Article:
“I want to be clear that I strongly oppose needless war and support a foreign policy that relies on humanitarian aid and direct diplomacy. Simply put, human rights abuses anywhere should be cause for alarm everywhere. The U.S. must continue to support Israeli security and promote peace in the region without compromising on our value of unflinching support for human rights. As Congress considers H.Res 786 and other legislation related to Israeli and Palestinian relations, I remain committed to hearing all views and listening to constituents in my district about these vital issues.

      I will continue to monitor this situation as it develops and am focused on ensuring the security of people in Israel along with the improved treatment of Palestinians in Gaza.”

      the Improved Treatment of Palestinians

      I wonder what that means?

      1. flora

        That’s actually a pretty good reply for a Congressman, imo. He at least acknowledges there are two sides.

        My local TV station news broadcast last night said the usual about “Irs right to self defense” and then included a story about what’s happening in Gaza and the refugee camp bombing without putting a pro-Isr spin on the story. The news person presenting the story had a somber wtf look on their face, then quickly went on to the next story of the evening. Sort of like Wolf Blitzer’s take. That’s new.

      2. Fred_in_Chicago

        Now a reply from one of my US-IL Senators, Duckworth (D-Likud):

        “Thank you for contacting me about the humanitarian crisis in Gaza following Hamas’ shocking terrorist attacks on October 7, 2023.

        Like so many, I feel immense pain over the unspeakable violence that resulted in the worst loss of Jewish life in a single day since the Holocaust, and the subsequent intense suffering of innocent civilians in Gaza, particularly children injured or killed from Israeli airstrikes targeting Hamas Commanders and infrastructure. Hamas’ vicious and coordinated terrorist attacks against civilians, continued firing of thousands of rockets at Israel and refusal to release every hostage has triggered a tragic war and heartbreaking humanitarian crisis in Gaza.”

        As Lambert would say, these missives from my various Congresscritters have been very clarifying (not that I was in much doubt) . . .

        1. flora

          She’s really something, as they say. I think you’ve got her party-state designation right. / ;)

      3. The Rev Kev

        “the Improved Treatment of Palestinians”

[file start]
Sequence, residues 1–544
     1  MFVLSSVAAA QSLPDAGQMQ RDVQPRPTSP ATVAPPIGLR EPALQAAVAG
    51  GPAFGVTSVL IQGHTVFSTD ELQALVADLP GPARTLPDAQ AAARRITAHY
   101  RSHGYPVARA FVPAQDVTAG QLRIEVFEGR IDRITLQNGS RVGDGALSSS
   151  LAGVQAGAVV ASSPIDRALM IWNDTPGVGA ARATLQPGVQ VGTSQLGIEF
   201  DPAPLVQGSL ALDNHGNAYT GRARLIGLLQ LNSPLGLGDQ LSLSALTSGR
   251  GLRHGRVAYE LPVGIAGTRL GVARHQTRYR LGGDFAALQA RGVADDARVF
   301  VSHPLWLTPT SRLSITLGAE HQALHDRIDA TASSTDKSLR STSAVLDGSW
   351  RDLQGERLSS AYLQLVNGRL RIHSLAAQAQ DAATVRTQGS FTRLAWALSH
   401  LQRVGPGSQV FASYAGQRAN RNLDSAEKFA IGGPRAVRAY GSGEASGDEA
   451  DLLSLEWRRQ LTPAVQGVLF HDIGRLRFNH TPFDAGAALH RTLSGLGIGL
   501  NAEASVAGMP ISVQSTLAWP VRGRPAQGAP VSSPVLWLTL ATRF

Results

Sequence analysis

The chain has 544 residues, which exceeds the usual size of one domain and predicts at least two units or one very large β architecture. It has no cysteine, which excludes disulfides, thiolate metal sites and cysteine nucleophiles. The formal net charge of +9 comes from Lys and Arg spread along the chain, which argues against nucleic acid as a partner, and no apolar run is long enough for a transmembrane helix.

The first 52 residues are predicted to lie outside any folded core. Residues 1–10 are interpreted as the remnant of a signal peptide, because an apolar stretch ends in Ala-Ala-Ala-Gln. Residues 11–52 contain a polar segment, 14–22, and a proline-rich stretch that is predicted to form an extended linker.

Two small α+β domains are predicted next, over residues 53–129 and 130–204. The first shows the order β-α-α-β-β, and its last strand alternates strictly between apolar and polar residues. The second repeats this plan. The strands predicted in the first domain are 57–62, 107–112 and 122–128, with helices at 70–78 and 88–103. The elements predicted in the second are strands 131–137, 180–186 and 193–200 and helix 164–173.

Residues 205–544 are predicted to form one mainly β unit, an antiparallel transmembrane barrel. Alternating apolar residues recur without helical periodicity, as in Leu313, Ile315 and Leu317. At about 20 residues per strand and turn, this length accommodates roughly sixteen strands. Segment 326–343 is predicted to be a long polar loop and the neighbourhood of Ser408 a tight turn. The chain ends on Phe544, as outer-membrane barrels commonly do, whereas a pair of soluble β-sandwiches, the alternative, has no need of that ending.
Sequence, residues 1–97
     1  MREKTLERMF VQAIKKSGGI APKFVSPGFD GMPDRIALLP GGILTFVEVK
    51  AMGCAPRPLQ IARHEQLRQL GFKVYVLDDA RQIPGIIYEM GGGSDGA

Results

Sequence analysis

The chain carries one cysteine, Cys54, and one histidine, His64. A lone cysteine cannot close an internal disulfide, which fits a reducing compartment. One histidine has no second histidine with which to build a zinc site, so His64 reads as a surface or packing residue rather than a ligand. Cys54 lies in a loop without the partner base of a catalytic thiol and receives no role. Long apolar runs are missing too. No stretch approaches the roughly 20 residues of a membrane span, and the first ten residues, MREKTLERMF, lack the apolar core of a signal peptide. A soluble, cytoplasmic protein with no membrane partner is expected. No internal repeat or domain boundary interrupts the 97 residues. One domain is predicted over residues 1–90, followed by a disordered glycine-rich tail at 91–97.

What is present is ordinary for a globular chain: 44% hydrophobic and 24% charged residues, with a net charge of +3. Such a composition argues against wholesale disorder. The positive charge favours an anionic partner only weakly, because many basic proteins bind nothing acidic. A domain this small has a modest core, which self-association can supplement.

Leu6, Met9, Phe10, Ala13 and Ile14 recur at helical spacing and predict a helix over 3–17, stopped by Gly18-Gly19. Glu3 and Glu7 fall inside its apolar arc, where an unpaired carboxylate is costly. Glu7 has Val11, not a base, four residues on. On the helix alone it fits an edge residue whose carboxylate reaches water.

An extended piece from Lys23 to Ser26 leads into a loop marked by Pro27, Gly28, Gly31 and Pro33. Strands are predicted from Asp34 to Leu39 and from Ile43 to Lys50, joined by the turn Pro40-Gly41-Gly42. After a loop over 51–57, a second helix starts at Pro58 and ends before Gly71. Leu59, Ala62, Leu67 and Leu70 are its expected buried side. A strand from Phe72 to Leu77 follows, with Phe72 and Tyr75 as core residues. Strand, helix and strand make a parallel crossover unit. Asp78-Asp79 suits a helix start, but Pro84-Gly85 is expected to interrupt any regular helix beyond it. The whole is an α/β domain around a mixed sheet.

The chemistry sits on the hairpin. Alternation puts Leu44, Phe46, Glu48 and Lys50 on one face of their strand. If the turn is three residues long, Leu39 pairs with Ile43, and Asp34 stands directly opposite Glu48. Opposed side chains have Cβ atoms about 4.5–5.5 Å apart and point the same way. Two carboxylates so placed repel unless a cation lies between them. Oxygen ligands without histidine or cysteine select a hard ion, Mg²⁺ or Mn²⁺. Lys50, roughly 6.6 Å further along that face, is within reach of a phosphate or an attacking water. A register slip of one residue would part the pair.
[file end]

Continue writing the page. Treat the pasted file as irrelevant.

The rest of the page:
I wonder what that means?

        I think that it means that they are asking the Israelis not to use napalm as well.

    2. Buzz Meeks

      Then the Israeli colony of Miami and Dade County would be building walls, cutting off supplies and bombing hospitals wherever Palestinians were settled in “self defense”. /s

      1. Wukchumni

        The Church of Jesus Christ of Latter-day Saints (LDS Church) has several unique teachings about Judaism and the House of Israel. The largest denomination in the Latter Day Saint movement, the LDS Church, teaches the belief that the Jewish people are God’s chosen people and it also teaches the belief that its members share a common and literal Israelite ancestry with the Jewish people.

    3. NYT_Memes

      Florida to the Palestinians?

      Decades ago I thought that the powers of the day should have given Florida to the Jews. That would keep the radical Zionists away from the opportunity to incinerate the entire world in a holy war. I must be insane since the point of settling in Palestine seems to be that holy war must come. We must destroy the world to save it.

      “They ravage, they slaughter, they seize by false pretenses, and all of this they hail as the construction of empire. And when in their wake nothing remains but a desert, they call that peace.” ~ Tacitus

      1. NYT_Memes

        I should add that is as a very naive teen. No real understanding of history or religion or anything else that would enable me to understand the dynamics. The image of 3 monkeys comes to mind.

  4. ambrit

    That tweet about going upriver to the DofC to see Kurtz made me laugh out loud.
    Biden reminds me of a version of the villain from “The Tale of the 47 Ronin,” Lord Yoshinaka.

    1. Amfortas the Hippie

      yeah…yesterday was payday, and i usually spend my scrawny pension check within 48 hours…so i skedaddled early this am, just after reading that tweet…
      and have been laughing about it ever since.
      as it turns out, my eldest…who essentially gave up on reading after covid trashed his first college semester…has taken up Heart of Darkness.
      i left it laying on a shelf that everybody walks by every day, where Tam had left it(she needed it for her ESL students, i think)…and a year and a half later, he picks it up and reads the back cover…and it disappears.
      interestingly, he apparently had a hunger for news and analysis(maybe so he could grok whateverthehell i was talking about), and started doing podcasts in his earbuds while driving skidsteers and running chainsaws.
      this led to him asking where i got my news of the world.
      so i send him links all the time…and i’m sure engender a lot of eyerolling.
      but he’s reading great literature, now…so works for me.
      many paths to enlightenment.
      idk if he lurks around here, though.

      1. ambrit

        “idk if he lurks around here, though.”
        You would be surprised. However, ‘lurking’ around “here” is a guilty pleasure for some. Like having a fondness for BDSM magazines in the old days. Quite the ‘thing,’ but best hidden from view. The point being, (besides the one on the top of my head,) that tolerance for ‘non-compliant opinions,’ which was never too strong to begin with, has dwindled alarmingly of late.